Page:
(b. ca. 1441, Bergamo, d. 1504, Venezia)

San Michele in Isola: Façade

Isola di San Michele, Venice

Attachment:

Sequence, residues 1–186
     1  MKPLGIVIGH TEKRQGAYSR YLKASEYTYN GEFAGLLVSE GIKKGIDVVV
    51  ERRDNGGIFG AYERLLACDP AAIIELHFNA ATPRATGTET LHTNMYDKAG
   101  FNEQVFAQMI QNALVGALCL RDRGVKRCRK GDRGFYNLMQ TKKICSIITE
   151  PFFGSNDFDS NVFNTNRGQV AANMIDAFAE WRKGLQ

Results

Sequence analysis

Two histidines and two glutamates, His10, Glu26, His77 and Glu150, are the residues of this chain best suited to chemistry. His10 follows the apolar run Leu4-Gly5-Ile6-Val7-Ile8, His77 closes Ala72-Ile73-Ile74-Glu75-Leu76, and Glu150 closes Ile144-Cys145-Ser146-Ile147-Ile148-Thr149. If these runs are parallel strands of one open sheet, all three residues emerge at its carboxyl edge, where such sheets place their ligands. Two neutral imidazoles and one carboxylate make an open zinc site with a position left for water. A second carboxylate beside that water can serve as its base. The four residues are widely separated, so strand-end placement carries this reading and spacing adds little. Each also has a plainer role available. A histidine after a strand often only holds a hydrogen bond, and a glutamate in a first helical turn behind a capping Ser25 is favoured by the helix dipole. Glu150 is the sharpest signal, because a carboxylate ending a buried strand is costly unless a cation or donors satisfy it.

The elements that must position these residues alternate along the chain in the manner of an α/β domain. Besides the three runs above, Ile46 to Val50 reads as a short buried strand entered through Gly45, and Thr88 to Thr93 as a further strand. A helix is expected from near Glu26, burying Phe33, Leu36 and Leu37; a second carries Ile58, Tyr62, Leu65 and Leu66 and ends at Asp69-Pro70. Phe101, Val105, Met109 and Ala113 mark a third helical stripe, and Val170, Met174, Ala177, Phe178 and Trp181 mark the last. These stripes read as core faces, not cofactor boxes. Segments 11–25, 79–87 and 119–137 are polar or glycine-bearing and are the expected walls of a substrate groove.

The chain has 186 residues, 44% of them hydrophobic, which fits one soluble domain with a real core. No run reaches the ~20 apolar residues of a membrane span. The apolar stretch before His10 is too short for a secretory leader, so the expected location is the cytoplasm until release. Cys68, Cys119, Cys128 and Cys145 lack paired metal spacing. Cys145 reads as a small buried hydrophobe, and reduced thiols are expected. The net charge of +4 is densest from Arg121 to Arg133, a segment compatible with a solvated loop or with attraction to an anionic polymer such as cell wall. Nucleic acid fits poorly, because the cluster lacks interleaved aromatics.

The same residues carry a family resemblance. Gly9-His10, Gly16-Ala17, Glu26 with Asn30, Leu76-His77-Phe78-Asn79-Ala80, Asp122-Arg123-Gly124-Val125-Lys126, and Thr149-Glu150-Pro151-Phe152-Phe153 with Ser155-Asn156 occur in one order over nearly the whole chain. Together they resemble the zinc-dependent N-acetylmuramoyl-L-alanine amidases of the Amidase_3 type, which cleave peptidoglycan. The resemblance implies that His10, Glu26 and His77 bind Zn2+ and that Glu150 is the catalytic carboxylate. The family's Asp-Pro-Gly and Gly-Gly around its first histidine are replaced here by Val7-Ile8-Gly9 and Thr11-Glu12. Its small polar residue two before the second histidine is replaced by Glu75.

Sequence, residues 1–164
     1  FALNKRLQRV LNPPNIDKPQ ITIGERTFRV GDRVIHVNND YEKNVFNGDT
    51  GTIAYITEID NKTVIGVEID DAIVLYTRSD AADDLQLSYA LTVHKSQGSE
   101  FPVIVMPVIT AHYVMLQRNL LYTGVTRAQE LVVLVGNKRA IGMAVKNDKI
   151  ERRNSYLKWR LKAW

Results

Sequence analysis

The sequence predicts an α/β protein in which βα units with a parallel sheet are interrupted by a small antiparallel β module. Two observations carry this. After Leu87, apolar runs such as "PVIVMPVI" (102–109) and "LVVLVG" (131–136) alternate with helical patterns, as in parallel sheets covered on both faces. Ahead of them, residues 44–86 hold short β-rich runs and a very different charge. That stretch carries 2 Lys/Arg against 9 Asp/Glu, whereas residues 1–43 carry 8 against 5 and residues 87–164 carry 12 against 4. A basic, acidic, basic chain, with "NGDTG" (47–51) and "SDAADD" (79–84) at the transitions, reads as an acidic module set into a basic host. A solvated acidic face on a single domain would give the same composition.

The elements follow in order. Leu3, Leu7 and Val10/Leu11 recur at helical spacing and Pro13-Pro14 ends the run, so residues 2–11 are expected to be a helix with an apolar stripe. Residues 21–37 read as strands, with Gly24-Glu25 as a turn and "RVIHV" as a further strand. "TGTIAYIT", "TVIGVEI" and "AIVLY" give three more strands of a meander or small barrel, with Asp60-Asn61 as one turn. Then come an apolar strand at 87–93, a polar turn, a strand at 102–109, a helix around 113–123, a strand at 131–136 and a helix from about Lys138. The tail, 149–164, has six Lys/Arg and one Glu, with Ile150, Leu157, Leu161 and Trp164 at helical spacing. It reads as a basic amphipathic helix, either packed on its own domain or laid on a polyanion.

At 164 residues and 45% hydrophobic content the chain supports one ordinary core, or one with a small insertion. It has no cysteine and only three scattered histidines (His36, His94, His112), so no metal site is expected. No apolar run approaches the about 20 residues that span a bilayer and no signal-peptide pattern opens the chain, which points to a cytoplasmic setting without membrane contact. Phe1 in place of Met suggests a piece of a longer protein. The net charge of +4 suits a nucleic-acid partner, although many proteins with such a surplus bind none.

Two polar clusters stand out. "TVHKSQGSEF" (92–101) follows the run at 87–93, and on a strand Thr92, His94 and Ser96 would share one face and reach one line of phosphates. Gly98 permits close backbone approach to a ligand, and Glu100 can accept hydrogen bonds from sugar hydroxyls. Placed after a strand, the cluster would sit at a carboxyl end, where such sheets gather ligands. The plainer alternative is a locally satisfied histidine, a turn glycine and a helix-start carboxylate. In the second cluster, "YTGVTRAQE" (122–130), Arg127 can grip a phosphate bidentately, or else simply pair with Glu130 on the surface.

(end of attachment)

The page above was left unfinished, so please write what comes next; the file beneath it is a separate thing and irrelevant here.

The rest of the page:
Patrons seized upon Early Christian as well as Byzantine models for much religious architecture in this period, as is evident at the monastery church of San Michele in Isola. It was rebuilt beginning in 1469 by Mauro Codussi, who came to Venice from the subject city of Bergamo and became an outstanding proponent of a new classical style. The façade's classically inspired pilasters and arched upper story, masking the side aisles and top of the nave, suggest Codussi's acquaintance with Leon Battista Alberti's designs for the Rimini Temple, but the general scheme may just as credibly derive from the traditional shape of Venetian parish church façades, many of which culminated in arches over the nave and side aisles. The upper story is ingeniously modeled: the pilasters that frame the central portion of the façade wrap around the corners to suggest piers, seemingly grasped by the moldings of the flanking arches; the arches themselves are embellished with fluting.